It’s not the worst problem to have, but if you’ve never eaten the food you’ve saved up for an emergency and you realize a few days into an emergency that you just hate the stuff you’ve stockpiled, well that’s not likely going to be the greatest feeling in the world, especially if it’s all you got. If you’re constantly eating through your food stockpile, you’ll be able to assess whether the foods you buy are the best you can get for the job. Not a fan of that particular chili you bought? Get another kind or scratch chili off of the emergency stockpile food list completely. You don’t have to eat what you don’t like, and you can always stock less of what you feel would become redundant or boring to eat after a while. Rotating through your food stockpile will really help you to figure this bit out.
How My Perspective on Food Stockpile Rotation Changed
The food storage thread that changed my perspective on stocking up without rotating can be found here. Tfire1163 was telling us about a friend of his who asked for help with food storage organization. What he found was a complete and total mess – including a lack of air tight containers that led to food going bad, mice feces around the area where she kept her food, freezer burned frozen food, and basically a slew of food that could no longer be used because of the condition it was stored in. (Proper storage is a topic for another day, but until then, let Tfire1163’s friend’s food stockpile act as a reason to check up on your own food stockpile and make sure everything is okay and – you know, not overrun by a colony of mice!)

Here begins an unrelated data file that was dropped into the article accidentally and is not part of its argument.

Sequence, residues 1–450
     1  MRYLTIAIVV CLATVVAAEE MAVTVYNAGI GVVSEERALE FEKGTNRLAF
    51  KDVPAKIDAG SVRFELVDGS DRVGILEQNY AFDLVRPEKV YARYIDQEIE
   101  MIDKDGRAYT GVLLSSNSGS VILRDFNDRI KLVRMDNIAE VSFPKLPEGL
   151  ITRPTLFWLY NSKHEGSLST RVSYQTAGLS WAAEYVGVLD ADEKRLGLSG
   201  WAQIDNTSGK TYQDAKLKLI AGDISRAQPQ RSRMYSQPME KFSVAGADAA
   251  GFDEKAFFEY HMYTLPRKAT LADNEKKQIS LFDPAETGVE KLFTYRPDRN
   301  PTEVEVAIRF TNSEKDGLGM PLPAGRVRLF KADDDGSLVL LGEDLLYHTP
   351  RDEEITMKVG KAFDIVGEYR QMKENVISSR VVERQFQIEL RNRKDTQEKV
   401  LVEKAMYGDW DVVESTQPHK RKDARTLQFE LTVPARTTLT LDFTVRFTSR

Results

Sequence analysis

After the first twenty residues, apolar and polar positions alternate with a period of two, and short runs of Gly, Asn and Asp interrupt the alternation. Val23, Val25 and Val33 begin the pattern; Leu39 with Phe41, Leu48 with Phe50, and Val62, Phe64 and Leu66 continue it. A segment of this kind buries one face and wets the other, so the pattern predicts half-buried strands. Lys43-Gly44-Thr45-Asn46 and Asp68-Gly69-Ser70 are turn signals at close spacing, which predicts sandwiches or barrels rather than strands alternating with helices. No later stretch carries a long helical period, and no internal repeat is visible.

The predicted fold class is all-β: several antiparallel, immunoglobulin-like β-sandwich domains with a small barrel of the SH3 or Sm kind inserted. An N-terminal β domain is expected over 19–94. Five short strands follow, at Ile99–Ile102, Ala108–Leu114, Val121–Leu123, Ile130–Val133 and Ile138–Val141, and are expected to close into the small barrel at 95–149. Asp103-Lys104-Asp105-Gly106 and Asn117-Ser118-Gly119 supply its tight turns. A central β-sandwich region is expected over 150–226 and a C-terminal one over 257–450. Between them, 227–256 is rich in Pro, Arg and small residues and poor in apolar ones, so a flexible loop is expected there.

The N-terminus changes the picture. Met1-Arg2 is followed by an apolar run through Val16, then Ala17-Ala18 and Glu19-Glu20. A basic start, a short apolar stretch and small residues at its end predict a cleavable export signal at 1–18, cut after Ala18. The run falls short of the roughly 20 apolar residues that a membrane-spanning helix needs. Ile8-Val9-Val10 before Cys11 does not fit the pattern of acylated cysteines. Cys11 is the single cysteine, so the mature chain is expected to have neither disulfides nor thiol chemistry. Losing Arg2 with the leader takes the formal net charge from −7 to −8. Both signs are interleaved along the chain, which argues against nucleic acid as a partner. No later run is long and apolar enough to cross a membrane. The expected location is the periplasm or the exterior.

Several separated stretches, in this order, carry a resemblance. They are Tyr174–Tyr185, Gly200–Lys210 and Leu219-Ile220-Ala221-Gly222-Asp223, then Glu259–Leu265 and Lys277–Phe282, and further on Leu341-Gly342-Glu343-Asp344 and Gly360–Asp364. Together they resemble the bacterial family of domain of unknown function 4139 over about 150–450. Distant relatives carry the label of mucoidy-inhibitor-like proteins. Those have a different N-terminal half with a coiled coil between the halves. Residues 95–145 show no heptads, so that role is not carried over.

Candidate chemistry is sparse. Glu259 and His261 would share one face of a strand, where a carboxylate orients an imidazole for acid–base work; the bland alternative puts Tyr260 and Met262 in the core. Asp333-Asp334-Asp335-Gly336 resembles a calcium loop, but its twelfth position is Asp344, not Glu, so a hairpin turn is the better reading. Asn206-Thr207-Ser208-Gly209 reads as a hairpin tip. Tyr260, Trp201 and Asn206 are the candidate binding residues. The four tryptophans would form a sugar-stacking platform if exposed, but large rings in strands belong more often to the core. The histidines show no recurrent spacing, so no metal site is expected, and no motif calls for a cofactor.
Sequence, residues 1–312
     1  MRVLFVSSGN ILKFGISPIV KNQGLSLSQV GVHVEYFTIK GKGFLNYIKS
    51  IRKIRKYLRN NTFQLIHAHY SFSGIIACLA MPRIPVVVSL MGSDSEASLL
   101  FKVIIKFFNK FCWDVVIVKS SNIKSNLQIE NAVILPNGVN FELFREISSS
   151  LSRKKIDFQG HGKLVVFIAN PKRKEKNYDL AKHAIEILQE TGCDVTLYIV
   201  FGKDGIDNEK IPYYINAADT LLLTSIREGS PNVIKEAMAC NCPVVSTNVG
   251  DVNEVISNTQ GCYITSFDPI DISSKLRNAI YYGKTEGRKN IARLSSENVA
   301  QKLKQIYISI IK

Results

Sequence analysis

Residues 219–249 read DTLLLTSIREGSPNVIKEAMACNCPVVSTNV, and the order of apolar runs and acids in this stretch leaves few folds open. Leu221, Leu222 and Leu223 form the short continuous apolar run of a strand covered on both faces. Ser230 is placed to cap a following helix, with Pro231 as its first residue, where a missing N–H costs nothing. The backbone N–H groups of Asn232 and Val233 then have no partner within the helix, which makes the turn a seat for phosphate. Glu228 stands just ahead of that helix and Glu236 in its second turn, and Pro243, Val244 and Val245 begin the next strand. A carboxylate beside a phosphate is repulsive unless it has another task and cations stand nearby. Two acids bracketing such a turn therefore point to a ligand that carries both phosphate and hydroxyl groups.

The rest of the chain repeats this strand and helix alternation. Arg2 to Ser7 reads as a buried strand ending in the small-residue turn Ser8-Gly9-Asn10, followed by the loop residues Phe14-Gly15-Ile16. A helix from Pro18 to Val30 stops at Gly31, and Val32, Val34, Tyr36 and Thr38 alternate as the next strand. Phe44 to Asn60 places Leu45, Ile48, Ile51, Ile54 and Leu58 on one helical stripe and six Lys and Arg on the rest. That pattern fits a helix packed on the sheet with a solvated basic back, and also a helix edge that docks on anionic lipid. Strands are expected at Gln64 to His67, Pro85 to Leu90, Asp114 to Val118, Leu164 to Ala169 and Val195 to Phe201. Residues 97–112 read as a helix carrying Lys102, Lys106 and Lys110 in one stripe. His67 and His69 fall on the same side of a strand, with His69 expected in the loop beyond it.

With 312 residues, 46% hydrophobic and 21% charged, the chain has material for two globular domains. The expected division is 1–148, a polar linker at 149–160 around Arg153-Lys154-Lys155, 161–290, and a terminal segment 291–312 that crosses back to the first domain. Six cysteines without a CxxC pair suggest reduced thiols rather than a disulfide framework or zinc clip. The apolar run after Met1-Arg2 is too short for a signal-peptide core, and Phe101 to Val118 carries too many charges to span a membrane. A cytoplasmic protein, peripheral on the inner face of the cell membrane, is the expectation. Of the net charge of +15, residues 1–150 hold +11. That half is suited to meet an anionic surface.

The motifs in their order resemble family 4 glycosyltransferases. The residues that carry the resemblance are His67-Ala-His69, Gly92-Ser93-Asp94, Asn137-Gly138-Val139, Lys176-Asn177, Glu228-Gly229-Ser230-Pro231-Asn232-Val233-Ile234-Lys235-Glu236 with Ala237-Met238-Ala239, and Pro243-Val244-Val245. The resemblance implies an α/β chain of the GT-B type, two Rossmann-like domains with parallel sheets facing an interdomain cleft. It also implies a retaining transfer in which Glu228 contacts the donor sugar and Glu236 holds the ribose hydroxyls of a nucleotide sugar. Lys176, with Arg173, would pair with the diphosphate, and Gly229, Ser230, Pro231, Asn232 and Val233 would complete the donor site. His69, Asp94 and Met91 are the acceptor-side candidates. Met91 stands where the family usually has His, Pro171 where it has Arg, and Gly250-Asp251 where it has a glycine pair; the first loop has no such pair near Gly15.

Within the context of his post, Tfire1163 mentioned that he was a firm believer in the first in, first out (FIFO) method of dealing with food stockpiles, and that he strongly felt that you should store only what you eat and eat what you store.
A few comments in, Mike Ash brought up a point that really made me think; and this is exactly what made me change my perspective on stocking up without rotating: